Second, the Bank provides a range of education and training materials about Bank of England banknotes to help cash users, (retailers, commercial bank staff and members of the public), check that their banknotes are genuine. Information is available on the Bank’s website, in booklets and posters, in a short film guide and in a computer-based training package aimed at professionals. In March 2014 we introduced a banknote checking app, which can be downloaded free of charge for both Apple IOS and Android by searching for ‘Bank of England banknotes’ on your device’s App store.   Businesses and retailers are encouraged to train staff who handle cash to check for genuine notes as criminals target places where checking is poor or does not take place.  The Bank has an on-going training programme for those involved in front-line law enforcement and regularly conducts public perception surveys on the quality of banknotes in circulation and the incidence of counterfeits.
Third, the Bank works closely with law enforcement agencies investigating counterfeit banknotes. It is clear that the larger operations to produce counterfeit Bank of England banknotes, and which account for the vast majority, tend to be associated with organised crime. The Bank provides forensic expertise on counterfeiting methods and expert witness statements and attend court in support of proceedings when required.   In 2013, 1043 statements were issued for prosecution cases, a rise of 10% on the previous year.
Fourth, the Bank works with banknote equipment manufacturers so that they are able to access and test their machines with a library of counterfeits on a regular basis. A list of machines that have passed our tests is published here.

The machines that have passed the tests

The Bank also has a programme to ensure that note sorting machines, operated by the commercial wholesale providers of cash under the Bank’s Note Circulation Scheme (and Scottish and Northern Ireland banks where Bank of England notes are processed) are tested with known counterfeits on a regular basis. Notes processed by these providers are used to fill the vast majority of ATM machines in use in the UK.

Fifth, the Bank has supported the introduction of a Code of Conduct for the Authentication of Machine-Dispensed Banknotes.  This is aimed at ensuring that businesses who own and operate machines that dispense cash have in place a means to ensure that the banknotes which are in them are verified for authenticity using a model of machine and software which has met a standard set by us. More information can be found here.


Law Enforcement

The Forgery and Counterfeiting Act 1981 is the primary piece of legislation used to bring about successful convictions in the courts. The maximum sentence under this Act is ten years imprisonment. The Proceeds of Crime Act 2002 is also used to confiscate assets where they cannot be proven to be comprised from legitimate activity. In addition, law enforcement authorities can apply to courts for a Serious Crime Prevention Order (SCPO) under the Serious Crime Act 2007. A SCPO can, for example, prohibit an individual from buying, owning or using equipment or materials that could be used to manufacture counterfeit currency. It can also be used to stop known counterfeiters from associating after release from prison. Breach of a SCPO is a criminal offence, punishable by a maximum sentence of five years imprisonment. An SCPO was used in relation to a currency counterfeiter for the first time in 2008.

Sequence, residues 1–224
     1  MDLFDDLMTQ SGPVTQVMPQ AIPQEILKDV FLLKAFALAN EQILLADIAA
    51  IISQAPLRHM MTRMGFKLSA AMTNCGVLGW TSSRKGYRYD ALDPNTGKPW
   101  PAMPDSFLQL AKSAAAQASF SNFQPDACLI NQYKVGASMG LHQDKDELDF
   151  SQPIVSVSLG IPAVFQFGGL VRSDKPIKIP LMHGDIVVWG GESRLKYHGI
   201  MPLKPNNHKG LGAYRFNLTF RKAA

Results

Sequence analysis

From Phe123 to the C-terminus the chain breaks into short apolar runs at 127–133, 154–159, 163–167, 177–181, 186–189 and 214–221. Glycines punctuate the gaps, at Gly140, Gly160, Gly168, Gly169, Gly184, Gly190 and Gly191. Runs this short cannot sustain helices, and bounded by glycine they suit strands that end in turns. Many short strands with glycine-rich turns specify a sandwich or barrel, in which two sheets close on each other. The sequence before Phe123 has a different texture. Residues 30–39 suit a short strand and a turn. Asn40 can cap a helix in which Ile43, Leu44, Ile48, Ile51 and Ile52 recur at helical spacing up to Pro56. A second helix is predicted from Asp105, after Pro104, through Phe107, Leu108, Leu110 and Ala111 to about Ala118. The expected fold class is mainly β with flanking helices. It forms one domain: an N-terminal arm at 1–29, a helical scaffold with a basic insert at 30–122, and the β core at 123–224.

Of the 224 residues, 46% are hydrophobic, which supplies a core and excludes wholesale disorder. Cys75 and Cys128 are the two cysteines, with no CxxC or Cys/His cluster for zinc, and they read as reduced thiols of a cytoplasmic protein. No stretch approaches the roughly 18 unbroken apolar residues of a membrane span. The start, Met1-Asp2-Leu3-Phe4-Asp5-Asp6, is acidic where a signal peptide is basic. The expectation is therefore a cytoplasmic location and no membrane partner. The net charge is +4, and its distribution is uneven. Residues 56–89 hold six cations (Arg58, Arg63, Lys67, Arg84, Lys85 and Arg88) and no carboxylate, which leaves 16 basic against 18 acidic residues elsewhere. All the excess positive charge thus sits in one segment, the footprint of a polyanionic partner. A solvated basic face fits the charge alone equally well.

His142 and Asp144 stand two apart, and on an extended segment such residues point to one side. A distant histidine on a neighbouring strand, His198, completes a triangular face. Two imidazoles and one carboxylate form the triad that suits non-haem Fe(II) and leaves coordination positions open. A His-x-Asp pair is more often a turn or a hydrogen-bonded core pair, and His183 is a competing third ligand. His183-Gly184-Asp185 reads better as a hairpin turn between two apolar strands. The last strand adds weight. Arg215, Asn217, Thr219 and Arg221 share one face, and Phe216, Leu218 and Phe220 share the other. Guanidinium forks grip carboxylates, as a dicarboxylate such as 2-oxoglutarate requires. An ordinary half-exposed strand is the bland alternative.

Table of Major Cases

​Law Enforcement Agency ​Location ​Arrest date ​Conviction date ​Maximun sentence awarded ​Face value of notes removed from circulation
​City of London Police ​North London ​September 2006 ​June 2007 ​5 years imprisonment ​Over £1 million
​City of London Police ​East London ​October 2006 ​June 2007 ​4 years imprisonment ​Over £5.2 million
​Merseyside Police ​Liverpool ​May 2007 ​April 2009 ​4 years imprisonment ​Over £4.6 million
​Durham Constabulary ​Durham ​June 2007 ​October 2008 ​7 years imprisonment ​Over £78,000
​SOCA ​London ​July 2007 ​March/April 2009 ​4 years and 4 months imprisonment ​Over £647,000
​Lancashire Constabulary ​Blackburn ​August 2007 ​January 2008 ​3 years imprisonment ​Over £83,000
​West Midlands Police ​Wolverhampton ​September 2008 ​February 2009 ​5 years imprisonment ​Over £47,000
​SOCA ​East London ​November 2008 ​June 2009 ​3 years 6 months imprisonment ​Over £2.9 million
​West Midlands Police ​Coventry ​September 2008 and March 2009 ​September 2009 ​6 years ​Over £774,000
​West Yorkshire Police ​Leeds ​June 2009 ​November 2010 ​10 years 8 months imprisonment ​Over £997,000
​Kent Police ​Yalding, Kent ​May 2010 ​March 2011 ​6 years ​Over £124,000
​SOCA ​Kent ​June 2010 ​March 2011 ​7 years imprisonment ​Connection with over £18 mn
​Wiltshire ​Salisbury ​October 2010 ​October 2011 ​15 months imprisonment ​Over £5,600
​City of London Police ​London ​July 2010 ​December 2011 ​2 years 9 months imprisonment ​Over £212,000
​SOCA ​Birmingham ​September 2011 ​January 2013 ​7 years ​Over £1.3 million
​West Midlands Police & City of London police ​West Midlands ​March 2013 ​October 2013 ​3 years ​Over £340,000


In addition to the major cases listed above, law enforcement agencies arrest individuals who are caught in possession of counterfeit currency or who are responsible for the distribution and passing of counterfeit banknotes, irrespective of the quantities involved.

Information regarding the production, distribution or passing of counterfeit notes should be reported to local police or anonymously to Crimestoppers on 0800 555 111. If your information leads to arrest and charge, you may be eligible for a cash reward. More information can be found at www.crimestoppers-uk.org

Back to the top